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This article was published 8/3/2019 (326 days ago), so information in it may no longer be current.
A man whose cardiac surgery was rescheduled three times at St. Boniface Hospital says the process was frustrating, but his care was "top notch" — once he finally got looked after.
The surgeries were rescheduled throughout October and November, twice before he arrived and a third time when he was already in hospital and prepped for the operating room.
The Free Press is not naming the 61-year-old man, who didn’t want his name shared along with his health information.
The man required open-heart surgery to fix a hole in his heart he had had since birth. It was an elective surgery, meaning it wasn’t as urgent as some other emergency cases the Winnipeg hospital deals with.
The surgery could be rescheduled, though the man said the constant rescheduling caused him undue stress in an already tense situation.
On his fourth visit to the hospital, the man said nurses tried to turn him away again.
"So we got in there, got prepped, I got my chest shaved. We’re all ready to go for the operation and the nurse came in and said there’s a delay," he recalled Friday.
"We got in there, got prepped, I got my chest shaved. We’re all ready to go for the operation and the nurse came in and said there’s a delay." -Cardiac patient
The doctor had an emergency elsewhere, the nurse told him.
"My wife says, ‘We’re not going anywhere. We’re staying here until we get the operation.'"
Her protest paid off and he got the surgery on the fourth try.
On Monday, the Winnipeg Regional Health Authority said at least 120 elective cardiac surgeries had been rescheduled at the St. Boniface cardiac unit since the fall.
It also said 104 people were waiting in the community for surgery, with 64 of them fit and ready for operations. (The health authority said it couldn't provide updated numbers Friday.)
The WRHA previously said the frequent cardiac surgery rescheduling was happening due to a lack of available intensive care unit nurses. The region is seeking to train more nurses in the specialized field, and recently graduated 33 more from its critical care training program (12 have taken jobs with St. Boniface’s cardiac unit).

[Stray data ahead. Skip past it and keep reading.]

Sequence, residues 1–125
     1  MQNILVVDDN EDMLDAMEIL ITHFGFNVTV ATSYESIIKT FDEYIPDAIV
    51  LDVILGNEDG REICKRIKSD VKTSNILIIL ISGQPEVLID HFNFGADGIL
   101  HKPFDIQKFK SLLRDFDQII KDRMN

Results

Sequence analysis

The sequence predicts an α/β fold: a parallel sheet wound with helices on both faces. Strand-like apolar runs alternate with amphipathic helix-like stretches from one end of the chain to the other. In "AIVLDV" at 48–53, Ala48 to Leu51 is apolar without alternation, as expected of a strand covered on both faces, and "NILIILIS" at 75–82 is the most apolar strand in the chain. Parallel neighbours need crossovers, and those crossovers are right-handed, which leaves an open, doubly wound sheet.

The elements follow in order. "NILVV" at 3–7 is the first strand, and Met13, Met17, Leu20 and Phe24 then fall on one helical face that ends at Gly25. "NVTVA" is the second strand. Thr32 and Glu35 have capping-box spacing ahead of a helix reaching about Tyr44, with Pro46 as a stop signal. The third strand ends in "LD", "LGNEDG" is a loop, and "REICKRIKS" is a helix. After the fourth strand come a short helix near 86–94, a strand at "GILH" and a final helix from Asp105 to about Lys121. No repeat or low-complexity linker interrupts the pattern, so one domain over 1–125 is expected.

On Friday, the Manitoba Nurses Union said it was told there are only four nurses signed up for the next critical care training program, a number the WRHA could not confirm.
The man, who is doing well about three months post-surgery, said he wasn’t surprised to hear about the cardiac surgery backlog, since, "Right now, it’s the norm. I’ve been through it, so it’s not a shock."
"We were like, ‘That’s normal.’ But it shouldn’t be," he added.
He praised the work of the nursing staff at St. Boniface, who looked after him for about two weeks post-surgery due to complications.
"It was very frustrating, but once you do get in, you’re taken care of. Those nurses are great," he said. "The care was just top notch and everything. But just to get in there, that’s the hardest part."
"The care was just top notch and everything. But just to get in there, that’s the hardest part." -Cardiac patient
If the cardiac unit's problems don't improve, the man worried the situation may turn fatal.
"Somebody’s going to die one of these days, if they haven’t already.
"A lot of people have heart diseases and I guess maybe the anxiety could put pressure on them from being cancelled too many times," he said.
"It sure worked me and my wife up."
Jessica Botelho-Urbanski covers the Manitoba Legislature for the Winnipeg Free Press.